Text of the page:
Tibial Plateau Fractures: Mechanisms and Patterns

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11 Questions

What is the common mechanism of tibial plateau fractures?

Valgus or varus force with axial loading

What type of fractures are commonly associated with low-energy trauma?

Depressed fractures

What is the goal of medical management in tibial plateau fractures?

To achieve anatomical reduction of the joint surface and stable osteosynthesis

What is the primary aim of physiotherapy in undisplaced tibial plateau fractures?

To increase knee joint movement to prevent stiffness

What is the classification system used to categorize tibial plateau fractures?

Schatzker's Classification

What is the typical treatment for undisplaced and stable tibial plateau fractures?

Conservative management with full-length POP

What is the primary focus of the treatment plan for the operated leg from 8 weeks?

Function

During the initial 0-4 weeks, what type of exercises are recommended for the affected leg?

Isometric exercises only

What is the purpose of using a walking frame or crutches during the initial 0-4 weeks?

To provide support and reduce weight-bearing

When can the patient progress to full weight-bearing (FWB) activities?

At 12 weeks

What is the purpose of hip ROM exercises during the initial 0-4 weeks?

To maintain or improve muscle power and range of motion of unaffected limbs

Study Notes

Tibial Plateau Fractures

  • Common mechanism: valgus or varus force with axial loading
  • High-energy fractures: MVA-related injuries and sports-related injuries in young people, often resulting in splitting fractures
  • Low-energy fractures: insufficiency fractures related to falls in the elderly, often resulting in depressed fractures

Schatzker's Classification of Tibial Plateau Fractures

  • Schatzker I: Lateral split
  • Schatzker II: Lateral split with depression
  • Schatzker III: Lateral depression
  • Schatzker IV: Medial depression
  • Schatzker V: Bicondylar
  • Schatzker VI: Fracture of both condyles with shaft involvement

Medical Management

  • Aims: achieve anatomical reduction of the joint surface and stable osteosynthesis to enable early mobilization and prevent complications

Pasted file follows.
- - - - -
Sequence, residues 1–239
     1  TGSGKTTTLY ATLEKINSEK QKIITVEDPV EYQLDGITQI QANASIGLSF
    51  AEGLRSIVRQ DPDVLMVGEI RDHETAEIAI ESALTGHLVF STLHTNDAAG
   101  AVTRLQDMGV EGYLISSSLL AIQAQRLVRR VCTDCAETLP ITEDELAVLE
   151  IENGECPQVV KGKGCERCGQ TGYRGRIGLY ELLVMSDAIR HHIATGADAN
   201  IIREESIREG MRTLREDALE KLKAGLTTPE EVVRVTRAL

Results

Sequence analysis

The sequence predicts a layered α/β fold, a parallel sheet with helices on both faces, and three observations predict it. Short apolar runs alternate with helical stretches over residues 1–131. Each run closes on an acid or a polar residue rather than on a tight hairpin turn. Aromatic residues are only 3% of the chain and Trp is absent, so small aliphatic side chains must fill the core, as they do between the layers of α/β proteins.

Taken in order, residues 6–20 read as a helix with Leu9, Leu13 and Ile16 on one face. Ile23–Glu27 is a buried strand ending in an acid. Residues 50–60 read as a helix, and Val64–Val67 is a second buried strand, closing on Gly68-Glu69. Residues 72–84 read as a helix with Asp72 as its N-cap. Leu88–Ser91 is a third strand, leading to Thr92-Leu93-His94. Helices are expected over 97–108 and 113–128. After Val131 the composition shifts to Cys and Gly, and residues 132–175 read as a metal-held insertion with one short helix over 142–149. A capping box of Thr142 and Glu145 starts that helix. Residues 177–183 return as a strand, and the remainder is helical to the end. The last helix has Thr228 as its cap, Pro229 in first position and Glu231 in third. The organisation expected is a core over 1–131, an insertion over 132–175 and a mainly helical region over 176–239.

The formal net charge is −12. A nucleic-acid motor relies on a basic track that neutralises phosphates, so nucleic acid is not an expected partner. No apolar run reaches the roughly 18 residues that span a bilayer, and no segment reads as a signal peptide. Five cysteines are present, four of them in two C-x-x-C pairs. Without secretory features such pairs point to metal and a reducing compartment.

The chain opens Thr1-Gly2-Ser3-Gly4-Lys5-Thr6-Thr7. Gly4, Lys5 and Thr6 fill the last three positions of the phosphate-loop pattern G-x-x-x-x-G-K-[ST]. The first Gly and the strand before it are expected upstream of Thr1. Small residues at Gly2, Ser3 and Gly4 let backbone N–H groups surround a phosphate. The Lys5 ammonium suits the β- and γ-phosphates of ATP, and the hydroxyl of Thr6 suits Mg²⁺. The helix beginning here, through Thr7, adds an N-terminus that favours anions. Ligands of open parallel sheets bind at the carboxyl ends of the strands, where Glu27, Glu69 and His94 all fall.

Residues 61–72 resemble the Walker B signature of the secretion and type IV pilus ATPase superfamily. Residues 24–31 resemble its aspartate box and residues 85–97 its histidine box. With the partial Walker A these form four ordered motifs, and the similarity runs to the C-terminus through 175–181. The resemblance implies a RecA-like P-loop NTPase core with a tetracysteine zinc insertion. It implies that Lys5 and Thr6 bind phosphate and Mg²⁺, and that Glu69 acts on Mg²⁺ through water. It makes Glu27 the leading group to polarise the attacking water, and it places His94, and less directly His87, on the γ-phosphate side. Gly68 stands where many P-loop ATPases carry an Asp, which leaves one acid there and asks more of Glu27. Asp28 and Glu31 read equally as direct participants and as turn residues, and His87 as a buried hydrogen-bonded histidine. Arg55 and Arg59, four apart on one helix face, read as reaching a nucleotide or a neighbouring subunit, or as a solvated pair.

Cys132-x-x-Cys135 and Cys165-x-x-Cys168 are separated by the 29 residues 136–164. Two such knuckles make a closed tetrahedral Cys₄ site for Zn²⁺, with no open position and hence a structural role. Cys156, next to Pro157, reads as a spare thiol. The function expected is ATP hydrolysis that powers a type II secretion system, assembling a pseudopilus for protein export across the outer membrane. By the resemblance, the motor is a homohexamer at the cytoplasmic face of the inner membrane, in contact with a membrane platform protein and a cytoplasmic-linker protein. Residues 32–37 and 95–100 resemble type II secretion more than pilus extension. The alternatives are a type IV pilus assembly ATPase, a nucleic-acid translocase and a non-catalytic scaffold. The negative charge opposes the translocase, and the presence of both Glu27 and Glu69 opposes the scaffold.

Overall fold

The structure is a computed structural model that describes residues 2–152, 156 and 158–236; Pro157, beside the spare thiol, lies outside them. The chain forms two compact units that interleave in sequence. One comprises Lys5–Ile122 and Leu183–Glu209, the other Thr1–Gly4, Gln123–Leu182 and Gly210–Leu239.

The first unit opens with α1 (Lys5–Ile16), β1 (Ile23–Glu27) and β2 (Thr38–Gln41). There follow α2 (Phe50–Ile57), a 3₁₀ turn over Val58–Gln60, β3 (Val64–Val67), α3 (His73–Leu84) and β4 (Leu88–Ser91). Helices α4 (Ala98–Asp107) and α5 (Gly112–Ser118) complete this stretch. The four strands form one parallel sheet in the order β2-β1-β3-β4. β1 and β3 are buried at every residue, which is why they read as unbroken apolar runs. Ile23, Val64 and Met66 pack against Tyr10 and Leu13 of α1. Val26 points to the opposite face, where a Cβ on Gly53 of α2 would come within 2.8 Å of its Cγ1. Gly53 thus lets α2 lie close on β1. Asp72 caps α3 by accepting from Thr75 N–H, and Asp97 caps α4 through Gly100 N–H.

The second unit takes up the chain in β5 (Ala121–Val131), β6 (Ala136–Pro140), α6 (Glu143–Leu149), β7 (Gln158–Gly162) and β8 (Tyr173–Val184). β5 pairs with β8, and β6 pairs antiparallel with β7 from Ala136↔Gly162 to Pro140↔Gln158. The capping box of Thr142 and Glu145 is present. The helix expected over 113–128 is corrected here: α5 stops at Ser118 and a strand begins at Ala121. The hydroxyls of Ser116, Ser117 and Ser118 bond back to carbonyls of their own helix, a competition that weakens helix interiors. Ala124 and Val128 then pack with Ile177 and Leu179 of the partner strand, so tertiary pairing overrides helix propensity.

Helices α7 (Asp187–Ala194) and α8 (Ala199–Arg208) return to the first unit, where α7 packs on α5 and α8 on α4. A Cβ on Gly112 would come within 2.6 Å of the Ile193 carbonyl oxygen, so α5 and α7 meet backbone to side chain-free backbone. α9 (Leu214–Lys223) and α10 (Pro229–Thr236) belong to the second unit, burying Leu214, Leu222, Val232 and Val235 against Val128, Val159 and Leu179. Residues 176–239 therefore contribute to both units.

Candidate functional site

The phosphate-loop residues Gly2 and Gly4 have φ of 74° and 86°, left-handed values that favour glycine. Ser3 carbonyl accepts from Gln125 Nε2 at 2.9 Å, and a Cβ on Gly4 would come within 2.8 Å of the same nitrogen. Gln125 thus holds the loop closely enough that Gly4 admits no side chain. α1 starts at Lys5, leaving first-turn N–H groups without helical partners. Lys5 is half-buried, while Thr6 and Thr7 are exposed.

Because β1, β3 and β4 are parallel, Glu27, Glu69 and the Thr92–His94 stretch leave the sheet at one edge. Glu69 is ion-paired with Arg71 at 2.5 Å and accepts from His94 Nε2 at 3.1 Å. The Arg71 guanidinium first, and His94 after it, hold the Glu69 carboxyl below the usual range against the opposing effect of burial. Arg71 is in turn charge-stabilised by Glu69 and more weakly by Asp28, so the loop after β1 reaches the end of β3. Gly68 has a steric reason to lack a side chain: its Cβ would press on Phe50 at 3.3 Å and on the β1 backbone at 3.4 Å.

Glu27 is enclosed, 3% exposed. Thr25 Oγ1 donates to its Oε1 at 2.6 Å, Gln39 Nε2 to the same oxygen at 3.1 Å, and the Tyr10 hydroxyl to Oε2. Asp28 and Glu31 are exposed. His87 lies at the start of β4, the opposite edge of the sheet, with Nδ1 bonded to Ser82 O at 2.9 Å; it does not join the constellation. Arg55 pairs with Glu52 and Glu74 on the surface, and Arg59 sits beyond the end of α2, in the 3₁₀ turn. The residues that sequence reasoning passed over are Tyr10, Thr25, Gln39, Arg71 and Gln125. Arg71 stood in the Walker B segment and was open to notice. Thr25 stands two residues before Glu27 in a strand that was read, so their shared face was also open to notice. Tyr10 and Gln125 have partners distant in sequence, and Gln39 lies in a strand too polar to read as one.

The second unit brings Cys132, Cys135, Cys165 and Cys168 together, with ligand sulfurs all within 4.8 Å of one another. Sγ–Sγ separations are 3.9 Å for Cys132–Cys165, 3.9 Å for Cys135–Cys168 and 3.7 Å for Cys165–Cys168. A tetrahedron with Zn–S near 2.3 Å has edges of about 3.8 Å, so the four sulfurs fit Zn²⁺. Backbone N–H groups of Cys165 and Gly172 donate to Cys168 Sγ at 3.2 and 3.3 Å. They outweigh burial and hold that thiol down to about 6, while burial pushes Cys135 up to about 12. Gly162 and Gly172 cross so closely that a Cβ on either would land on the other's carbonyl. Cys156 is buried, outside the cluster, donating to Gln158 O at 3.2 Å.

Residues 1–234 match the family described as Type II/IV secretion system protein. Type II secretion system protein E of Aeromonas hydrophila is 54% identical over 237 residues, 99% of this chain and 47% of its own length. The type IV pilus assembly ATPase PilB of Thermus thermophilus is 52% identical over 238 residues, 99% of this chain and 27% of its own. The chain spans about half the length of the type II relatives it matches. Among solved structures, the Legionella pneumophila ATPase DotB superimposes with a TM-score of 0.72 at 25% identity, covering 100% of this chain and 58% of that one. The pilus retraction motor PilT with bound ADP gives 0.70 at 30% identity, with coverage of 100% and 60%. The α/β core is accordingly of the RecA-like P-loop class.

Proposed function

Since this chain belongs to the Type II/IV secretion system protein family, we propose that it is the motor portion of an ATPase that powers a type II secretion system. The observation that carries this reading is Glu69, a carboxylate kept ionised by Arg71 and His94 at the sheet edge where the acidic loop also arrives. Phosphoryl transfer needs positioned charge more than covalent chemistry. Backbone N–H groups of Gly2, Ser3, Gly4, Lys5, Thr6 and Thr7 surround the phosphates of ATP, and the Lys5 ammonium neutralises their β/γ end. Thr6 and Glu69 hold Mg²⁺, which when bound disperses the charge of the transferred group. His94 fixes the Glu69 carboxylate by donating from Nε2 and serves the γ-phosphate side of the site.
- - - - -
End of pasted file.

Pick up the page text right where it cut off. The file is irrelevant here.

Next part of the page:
Conservative Management

  • Undisplaced and stable fracture: full-length POP with ankle in neutral/plantar grade position for 4 weeks, followed by 4 weeks in a leg brace allowing knee ROM, and physiotherapy to improve knee joint movement

Physiotherapy

  • Aim: improve knee joint movement to prevent loss of joint motion or stiffness
  • Treatment (0-4 weeks):
    • Affected leg: isometric and co-contractions of muscles around the knee joint, ankle circulation exercises, and elevation of the leg in extension
    • Hip ROM exercises and strengthening exercises
    • Maintain or improve ROM/muscle power of unaffected limbs
    • Bed mobility and transfer from lying to sitting
    • Standing with NWB on the affected leg using a walking frame/crutches
  • Treatment (4-8 weeks):
    • Start active-assisted knee ROM flexion/extension
    • Progress strengthening exercises
    • Bed mobility (PWB on knee in bridging)
    • Continue with crutch walking NWB
  • Treatment (after 8 weeks):
    • Gradually increase weight-bearing activities, active ROM, and strengthening exercises on the operated leg
    • Focus on functional activities

Learn about the different mechanisms and patterns of tibial plateau fractures, including high-energy and low-energy fractures, and their associated characteristics. Understand the causes and types of fractures, including valgus and varus forces, axial loading, and more.

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